2) A Focus on Providing Equitable Opportunities for Students

Inclusive schools are not necessarily blind to differences between different students. Rather, they try to understand the underlying contexts behind those differences so that they can deliver a truly equitable learning experience for all. They do not pretend that differences do not exist but, instead, they look into these dissimilarities to better deliver fair educational opportunities regardless of a student’s background.

3) Active Engagement with Diverse Communities

Truly inclusive institutions don’t just pay lip service to the idea of inclusivity. They will actively engage with a range of different communities that are stakeholders in the school. In international schools, this engagement is often manifested in special cultural observances of stakeholder communities that are not held in mainstream schools.

4) A Culture That Emphasizes Continuous Improvement Over Perfection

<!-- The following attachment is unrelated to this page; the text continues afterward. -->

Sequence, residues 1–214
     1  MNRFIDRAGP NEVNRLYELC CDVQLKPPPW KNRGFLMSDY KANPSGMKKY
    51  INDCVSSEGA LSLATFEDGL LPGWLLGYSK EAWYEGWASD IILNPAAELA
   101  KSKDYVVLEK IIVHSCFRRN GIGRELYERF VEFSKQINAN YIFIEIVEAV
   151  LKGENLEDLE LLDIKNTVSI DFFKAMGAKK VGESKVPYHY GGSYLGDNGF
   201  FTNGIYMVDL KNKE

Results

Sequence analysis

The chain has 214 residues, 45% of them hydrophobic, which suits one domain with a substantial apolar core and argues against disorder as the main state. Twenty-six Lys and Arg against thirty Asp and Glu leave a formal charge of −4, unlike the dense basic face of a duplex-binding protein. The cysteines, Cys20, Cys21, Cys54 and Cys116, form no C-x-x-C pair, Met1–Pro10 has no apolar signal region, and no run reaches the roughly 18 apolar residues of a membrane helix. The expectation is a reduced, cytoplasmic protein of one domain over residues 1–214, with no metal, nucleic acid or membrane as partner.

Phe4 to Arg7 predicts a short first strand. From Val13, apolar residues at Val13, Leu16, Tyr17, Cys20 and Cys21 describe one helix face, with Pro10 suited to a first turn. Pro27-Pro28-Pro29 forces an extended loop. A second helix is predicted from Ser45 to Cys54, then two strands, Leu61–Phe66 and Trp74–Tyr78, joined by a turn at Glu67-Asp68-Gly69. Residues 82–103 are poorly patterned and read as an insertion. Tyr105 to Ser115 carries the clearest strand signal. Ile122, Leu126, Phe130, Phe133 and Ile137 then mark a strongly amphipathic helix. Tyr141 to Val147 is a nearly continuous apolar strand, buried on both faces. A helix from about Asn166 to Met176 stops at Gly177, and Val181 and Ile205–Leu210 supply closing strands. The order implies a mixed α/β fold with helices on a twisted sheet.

Where an exclusive school will tend to claim or imply perfection, inclusive institutions will, instead, emphasize overcoming one’s prior limitations. While both approaches may create high-achieving students, the latter approach will often be more sustainable and result in better-rounded, more empathetic individuals.

5) Equitable Professional Development Opportunities for Teachers and Administrators

One key difference between inclusive schools from more exclusive institutions is that their attempts at inclusivity extend to the staff and administrators, not just the students. As such, they often have a direct stake in the development of their staff. Inclusive institutions such as International Baccalaureate schools, for instance, are well-known for the professional opportunities they provide their instructors and administrators. In contrast, schools with exclusive tendencies may seek to deny professional opportunities to staff to maintain a favorable status quo.

6) A Proactive Student Leadership

Inclusive schools empower students by making them understand that their voices matter, regardless of their background. As a result, more inclusive schools tend to have stronger traditions of substantial student leadership and activism compared to more exclusive institutions.